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Mature cone from herbarium collection K. Rushforth 1107, collected Tinlegang, Bhutan, elev. 2040m (27.500°N, 89.800°E) [Michael P. Frankis].

 

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Conservation status

Pinus bhutanica

Grierson et al. 1980

Common names

Bhutan pine, Bhutan white pine; Budan Song [Chinese].

Taxonomic notes

A close relative of P. wallichiana, and often described as a variety of that species (Bachman et al. 2007).

Syn.: P. wallichiana subsp. bhutanica (Grierson et al.) Businsky 1999.

Description

Trees to 25+ m tall with an open crown of spreading, drooping, sinuous branches. Bark unknown. Branchlets glandular, pubescent,with a whitish bloom; in second year developing a thin, pale gray-green bark. Needles shed in second year, 5 per fascicle, very slender, curved, pendulous, 15-24 cm long; triangular in cross section, stomata only on the 2 abaxial surfaces, each with 4-7 stomatal lines, resin canals 3(-4), 2 adaxial marginal or submarginal, 1(-2) abaxial marginal or submarginal, asymmetrically placed. Seed cones elongate-cylindric, 12-20 × 3-4 cm (5-7 cm wide when open), on a (1-) 4.5-6 cm peduncle. Seed scales elongate, thinly woody, with cuneate base; apophyses rhombic, 1-1.5 × 1.5-2.5 cm, keeled, apex subacute. Seeds brown, obovoid, compressed, 6-8 × 4-5 mm; wing persistent, ca. 2 × 0.7-1 cm (Wu and Raven 1999).

"P. bhutanica, however, is easily distinguished by its thin, pruinose, dark brown, finely glandular branchlets and vertically drooping, finer needles with long, golden sheaths while P. wallichiana has thick, succulent, grayish-green, evenly wide branchlets and partially outspreading needles with shorter, grayish sheaths" (Debreczy and Racz 2009).

Distribution and Ecology

Bhutan; China: Yunnan; India: Arunachal Pradesh (Farjon 1998). Its distribution is still not well known; data from labeled herbarium specimens indicate that it occurs at elevations of 729 to 2,750 m in mixed pine forest, mixed oak-pine forest, mixed broadleaved forest, and secondary forests of these types, including thinned (managed?) forest (Bachman et al. 2007). Hardy to Zone 9 (cold hardiness limit between -6.6°C and -1.1°C) (Bannister and Neuner 2001).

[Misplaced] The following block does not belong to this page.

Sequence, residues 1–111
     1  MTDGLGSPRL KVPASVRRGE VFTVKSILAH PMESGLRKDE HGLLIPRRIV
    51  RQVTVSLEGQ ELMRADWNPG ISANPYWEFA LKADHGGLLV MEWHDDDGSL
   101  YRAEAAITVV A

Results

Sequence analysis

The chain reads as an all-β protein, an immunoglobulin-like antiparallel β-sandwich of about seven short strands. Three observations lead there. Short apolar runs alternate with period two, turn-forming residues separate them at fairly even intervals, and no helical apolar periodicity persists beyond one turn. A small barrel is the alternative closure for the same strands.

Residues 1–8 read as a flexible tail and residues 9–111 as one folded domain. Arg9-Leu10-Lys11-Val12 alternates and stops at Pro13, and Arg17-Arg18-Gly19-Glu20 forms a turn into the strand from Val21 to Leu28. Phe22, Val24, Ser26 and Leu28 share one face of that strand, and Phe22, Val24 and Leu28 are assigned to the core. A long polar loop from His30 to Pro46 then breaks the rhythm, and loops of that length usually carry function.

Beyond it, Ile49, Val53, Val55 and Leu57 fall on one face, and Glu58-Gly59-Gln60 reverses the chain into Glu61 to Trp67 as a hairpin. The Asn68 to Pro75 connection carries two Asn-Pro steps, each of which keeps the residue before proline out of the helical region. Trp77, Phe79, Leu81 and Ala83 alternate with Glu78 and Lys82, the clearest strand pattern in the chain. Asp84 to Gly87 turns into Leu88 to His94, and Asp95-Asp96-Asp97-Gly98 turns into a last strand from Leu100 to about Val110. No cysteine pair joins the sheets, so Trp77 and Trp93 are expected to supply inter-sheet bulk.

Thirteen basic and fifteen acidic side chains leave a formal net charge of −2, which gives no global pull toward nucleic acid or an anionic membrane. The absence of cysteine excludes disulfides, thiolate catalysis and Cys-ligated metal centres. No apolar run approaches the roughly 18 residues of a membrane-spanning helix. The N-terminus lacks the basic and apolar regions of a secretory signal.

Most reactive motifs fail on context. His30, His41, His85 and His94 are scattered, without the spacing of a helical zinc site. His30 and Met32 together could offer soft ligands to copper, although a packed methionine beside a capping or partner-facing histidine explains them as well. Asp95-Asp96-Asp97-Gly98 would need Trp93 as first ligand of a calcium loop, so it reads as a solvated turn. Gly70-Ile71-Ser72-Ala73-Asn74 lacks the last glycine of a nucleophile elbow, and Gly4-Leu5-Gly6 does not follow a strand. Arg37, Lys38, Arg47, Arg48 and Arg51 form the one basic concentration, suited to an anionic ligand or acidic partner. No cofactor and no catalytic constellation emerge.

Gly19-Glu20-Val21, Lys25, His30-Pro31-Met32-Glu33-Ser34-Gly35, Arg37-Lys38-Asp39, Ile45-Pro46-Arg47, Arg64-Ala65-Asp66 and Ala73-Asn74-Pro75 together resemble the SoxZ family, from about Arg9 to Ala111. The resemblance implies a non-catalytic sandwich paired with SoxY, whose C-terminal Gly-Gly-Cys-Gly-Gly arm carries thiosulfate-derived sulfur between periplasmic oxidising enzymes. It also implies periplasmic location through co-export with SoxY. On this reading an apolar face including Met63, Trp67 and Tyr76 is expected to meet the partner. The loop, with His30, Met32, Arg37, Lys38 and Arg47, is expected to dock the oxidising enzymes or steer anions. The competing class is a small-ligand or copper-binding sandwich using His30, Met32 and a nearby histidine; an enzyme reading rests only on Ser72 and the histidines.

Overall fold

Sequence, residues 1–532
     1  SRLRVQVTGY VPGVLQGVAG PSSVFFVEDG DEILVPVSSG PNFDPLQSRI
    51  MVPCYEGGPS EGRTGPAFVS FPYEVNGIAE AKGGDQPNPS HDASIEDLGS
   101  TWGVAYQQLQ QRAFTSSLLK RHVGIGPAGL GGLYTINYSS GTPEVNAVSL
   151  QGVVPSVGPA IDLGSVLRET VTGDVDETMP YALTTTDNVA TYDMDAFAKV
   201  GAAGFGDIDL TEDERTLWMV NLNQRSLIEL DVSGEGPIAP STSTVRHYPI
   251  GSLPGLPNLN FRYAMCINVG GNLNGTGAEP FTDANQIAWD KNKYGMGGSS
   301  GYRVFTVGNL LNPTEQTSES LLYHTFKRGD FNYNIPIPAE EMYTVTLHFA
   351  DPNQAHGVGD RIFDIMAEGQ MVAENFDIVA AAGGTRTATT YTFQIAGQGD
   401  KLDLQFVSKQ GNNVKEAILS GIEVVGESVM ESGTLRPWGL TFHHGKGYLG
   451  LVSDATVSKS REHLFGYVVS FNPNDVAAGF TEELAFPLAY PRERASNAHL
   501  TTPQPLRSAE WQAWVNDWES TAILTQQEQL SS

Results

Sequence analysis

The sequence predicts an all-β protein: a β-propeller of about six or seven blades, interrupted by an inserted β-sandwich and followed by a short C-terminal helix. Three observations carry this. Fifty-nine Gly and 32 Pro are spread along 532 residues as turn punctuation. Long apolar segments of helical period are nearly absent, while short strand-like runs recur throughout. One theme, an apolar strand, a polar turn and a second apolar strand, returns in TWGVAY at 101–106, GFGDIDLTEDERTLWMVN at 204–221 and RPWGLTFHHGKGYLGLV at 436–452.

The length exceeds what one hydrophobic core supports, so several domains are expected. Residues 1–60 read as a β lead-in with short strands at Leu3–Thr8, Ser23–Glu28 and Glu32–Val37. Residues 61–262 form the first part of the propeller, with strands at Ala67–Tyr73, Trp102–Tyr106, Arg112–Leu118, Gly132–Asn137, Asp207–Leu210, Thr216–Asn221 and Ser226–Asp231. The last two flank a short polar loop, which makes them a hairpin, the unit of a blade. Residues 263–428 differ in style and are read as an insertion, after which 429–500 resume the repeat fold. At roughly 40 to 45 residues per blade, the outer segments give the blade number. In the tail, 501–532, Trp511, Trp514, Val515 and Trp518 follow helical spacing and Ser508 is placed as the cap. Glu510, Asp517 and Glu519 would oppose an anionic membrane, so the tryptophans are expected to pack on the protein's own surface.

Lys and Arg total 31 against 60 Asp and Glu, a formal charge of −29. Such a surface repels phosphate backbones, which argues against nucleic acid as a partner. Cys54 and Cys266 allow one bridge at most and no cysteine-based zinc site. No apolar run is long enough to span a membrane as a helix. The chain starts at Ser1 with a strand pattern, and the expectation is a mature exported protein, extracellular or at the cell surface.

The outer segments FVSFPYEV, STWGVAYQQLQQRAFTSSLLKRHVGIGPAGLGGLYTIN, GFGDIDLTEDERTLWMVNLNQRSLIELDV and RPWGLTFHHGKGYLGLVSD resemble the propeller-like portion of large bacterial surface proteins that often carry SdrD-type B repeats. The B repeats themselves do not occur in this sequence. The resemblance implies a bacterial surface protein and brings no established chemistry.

"It is also thought to occur more widely eastwards, but botanical collecting has been virtually absent in this region since this species was first described in 1980. It is reported to be harvested as part of a mixed timber resource, but there is no evidence of decline and new localities have been found. New collections have recently been made in China (Yunnan, Gaoligong Mts.) and an assessment of the species in this area is required" (Bachman et al. 2007).

Big tree

Oldest

Dendrochronology

As of early 2009, no dendrochronological use of this species has been published.

Ethnobotany

Bachman et al. (2007) report that it has been harvested for timber.

Observations

Reported to occur in the Khaling and Bumdeling Wildlife Sanctuaries in Bhutan (Bachman et al. 2007).

Remarks

Citations

Bachman, S., A. Farjon, M. Gardner, P. Thomas, D. Luscombe, and C. Reynolds. 2007. Pinus bhutanica. In: 2008 IUCN Red List of Threatened Species. www.iucnredlist.org, accessed 2009.04.10.

Z. Debreczy and I. Rácz, 2011. Conifers Around the World. Vols. 1-2. Budapest: DendroPress Ltd.

Grierson, A.J.C., D.G. Long, and C.N. Page. 1980. Notes Roy. Bot. Gard. Edinburgh 38:299.

See also

Last Modified 2017-01-15